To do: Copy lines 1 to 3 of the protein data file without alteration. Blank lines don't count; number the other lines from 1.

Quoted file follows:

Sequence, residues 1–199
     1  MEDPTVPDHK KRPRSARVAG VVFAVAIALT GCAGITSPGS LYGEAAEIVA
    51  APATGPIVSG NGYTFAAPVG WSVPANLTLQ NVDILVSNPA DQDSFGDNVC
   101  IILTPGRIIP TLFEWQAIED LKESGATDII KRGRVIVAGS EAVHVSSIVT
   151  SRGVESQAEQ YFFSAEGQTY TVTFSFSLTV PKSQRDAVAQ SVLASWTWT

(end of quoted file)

Sequence, residues 1–199
     1  MEDPTVPDHK KRPRSARVAG VVFAVAIALT GCAGITSPGS LYGEAAEIVA
    51  APATGPIVSG NGYTFAAPVG WSVPANLTLQ NVDILVSNPA DQDSFGDNVC